Understanding state transition diagrams
In the previous section, we brief you a bit about the state transition diagram in a more generic sense. Let's pick that diagram up and mould it according to our KIOSK example. Please note that for simplicity, we will assume that our KIOSK machine is extremely simple with very limited functionality.
So, for our KIOSK machine, our state transition diagram would look as follows:
In the above diagram, there are the following entities:
- States - 7 states as displayed by the red circles.
- Transitions - 11 transitions as displayed by arrows.
As one may observe, even though this is an extremely simple machine with just 7 states (practical KIOSK may have a minimum of 15 or more) there is a lot of traffic on the diagram. As a result, sharing this diagram with someone is necessary but may not be sufficient. If we could, we can write on the top of arrows but this would make the diagram a lot more complex. Therefore, with a state transition diagram that clearly defines states and the transitioning states, we also need to provide a state transition table for better clarity.
Understanding state transition table
The above state transition diagram can be converted to a state transition table as follows:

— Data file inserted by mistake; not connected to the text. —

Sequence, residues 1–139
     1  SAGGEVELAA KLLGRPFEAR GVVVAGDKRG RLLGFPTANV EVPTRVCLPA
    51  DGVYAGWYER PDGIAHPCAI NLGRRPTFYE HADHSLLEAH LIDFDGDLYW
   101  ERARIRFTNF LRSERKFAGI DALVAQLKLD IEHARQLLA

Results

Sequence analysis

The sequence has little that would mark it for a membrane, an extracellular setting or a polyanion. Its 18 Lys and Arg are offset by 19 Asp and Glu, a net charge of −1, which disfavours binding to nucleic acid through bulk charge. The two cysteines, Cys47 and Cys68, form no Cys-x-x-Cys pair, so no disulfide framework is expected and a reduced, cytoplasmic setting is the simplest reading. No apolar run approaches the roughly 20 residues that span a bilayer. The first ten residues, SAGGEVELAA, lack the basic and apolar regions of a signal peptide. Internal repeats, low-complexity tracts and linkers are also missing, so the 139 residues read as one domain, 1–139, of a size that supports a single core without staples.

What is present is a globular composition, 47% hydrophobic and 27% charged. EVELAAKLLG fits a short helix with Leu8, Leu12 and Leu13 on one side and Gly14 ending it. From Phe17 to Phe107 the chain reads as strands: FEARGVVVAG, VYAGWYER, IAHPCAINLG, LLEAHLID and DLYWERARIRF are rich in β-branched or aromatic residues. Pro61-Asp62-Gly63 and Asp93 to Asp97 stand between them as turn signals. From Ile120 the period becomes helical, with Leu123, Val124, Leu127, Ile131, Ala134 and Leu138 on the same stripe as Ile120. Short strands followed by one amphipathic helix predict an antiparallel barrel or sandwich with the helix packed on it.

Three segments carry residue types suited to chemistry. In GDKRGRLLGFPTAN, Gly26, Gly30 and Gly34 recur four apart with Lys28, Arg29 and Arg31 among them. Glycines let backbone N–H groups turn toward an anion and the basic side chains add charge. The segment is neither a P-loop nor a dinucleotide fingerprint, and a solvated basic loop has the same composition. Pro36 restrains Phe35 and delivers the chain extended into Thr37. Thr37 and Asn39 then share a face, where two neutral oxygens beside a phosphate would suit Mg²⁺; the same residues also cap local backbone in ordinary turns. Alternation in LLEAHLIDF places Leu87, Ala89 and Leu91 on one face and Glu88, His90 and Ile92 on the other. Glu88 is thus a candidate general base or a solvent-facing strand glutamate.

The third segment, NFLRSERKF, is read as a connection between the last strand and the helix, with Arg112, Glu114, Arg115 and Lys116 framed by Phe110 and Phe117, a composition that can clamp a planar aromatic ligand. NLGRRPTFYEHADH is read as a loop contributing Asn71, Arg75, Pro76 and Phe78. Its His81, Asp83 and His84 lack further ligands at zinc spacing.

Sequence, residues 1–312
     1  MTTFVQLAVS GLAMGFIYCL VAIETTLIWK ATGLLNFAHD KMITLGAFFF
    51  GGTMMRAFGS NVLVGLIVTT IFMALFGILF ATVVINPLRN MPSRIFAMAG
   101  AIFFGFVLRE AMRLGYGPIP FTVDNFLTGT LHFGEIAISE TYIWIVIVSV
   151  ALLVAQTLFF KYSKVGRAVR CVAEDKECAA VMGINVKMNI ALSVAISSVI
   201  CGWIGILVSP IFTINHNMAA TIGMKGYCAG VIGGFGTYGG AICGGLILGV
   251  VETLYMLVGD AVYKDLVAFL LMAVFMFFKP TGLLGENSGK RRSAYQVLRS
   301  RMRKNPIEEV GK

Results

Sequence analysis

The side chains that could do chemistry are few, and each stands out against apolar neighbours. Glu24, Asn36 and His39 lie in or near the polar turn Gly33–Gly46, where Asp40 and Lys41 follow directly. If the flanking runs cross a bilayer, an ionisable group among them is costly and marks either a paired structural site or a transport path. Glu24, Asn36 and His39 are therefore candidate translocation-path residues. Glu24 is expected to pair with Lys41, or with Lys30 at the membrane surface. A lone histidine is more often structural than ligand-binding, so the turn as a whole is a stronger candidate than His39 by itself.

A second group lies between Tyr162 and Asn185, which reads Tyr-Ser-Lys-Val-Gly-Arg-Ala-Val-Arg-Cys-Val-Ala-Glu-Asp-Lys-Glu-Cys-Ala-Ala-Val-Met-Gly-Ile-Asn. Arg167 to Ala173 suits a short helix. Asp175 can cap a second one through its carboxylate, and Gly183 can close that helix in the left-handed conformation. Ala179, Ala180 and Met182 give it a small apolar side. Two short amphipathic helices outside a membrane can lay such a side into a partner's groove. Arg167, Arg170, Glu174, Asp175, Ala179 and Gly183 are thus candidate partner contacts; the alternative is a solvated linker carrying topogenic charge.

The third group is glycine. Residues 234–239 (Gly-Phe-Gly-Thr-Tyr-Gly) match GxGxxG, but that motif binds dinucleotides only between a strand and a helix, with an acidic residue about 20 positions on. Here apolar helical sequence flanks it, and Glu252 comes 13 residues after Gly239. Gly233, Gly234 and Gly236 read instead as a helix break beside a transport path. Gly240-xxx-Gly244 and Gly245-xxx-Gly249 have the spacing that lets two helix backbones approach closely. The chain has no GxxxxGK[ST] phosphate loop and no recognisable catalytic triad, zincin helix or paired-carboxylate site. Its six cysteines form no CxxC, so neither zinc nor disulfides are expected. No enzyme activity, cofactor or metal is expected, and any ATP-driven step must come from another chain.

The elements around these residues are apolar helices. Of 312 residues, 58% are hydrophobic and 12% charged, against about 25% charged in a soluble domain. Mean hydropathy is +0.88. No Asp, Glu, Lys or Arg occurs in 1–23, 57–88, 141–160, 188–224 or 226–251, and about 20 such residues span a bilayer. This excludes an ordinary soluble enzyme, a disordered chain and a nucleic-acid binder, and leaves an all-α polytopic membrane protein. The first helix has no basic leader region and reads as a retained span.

|State||Input||Next State Pass||Next State Fail|
|Select Airline||Airline 1||Airline 1||Invalid|
|Select Airline||Airline 2||Airline 2||Invalid|
|Airline 1||Select PNR||Enter PNR||Exit Screen|
|Airline 1||Exit||Exit Screen||Invalid|
|Airline 2||Select PNR||Enter PNR||Exit Screen|
|Airline 2||Exit||Exit Screen||Invalid|
|Enter PNR||Confirm Print||Confirm Print||Exit Screen|
|Enter PNR||Exit||Exit Screen||Invalid|
|Confirm Print||Press Print||Print Boarding Pass||Exit Screen|
|Confirm Print||Exit||Exit Screen||Invalid|
|Print Boarding Pass||No Input||Select Airline||Exit Screen|
Here, we define the input we want to give to the state, the next state if the input returns success from the server, and the state where the system would be in case of a failure. This makes our state transitions more descriptive and a good document to share with the team that needs to understand it.
Importance of state transition testing
The main point of discussing the state transition system and the table is to understand what type of meaning this type of testing brings into the organization. While the points are discussed below, I am sure you will have predicated them in the previous section.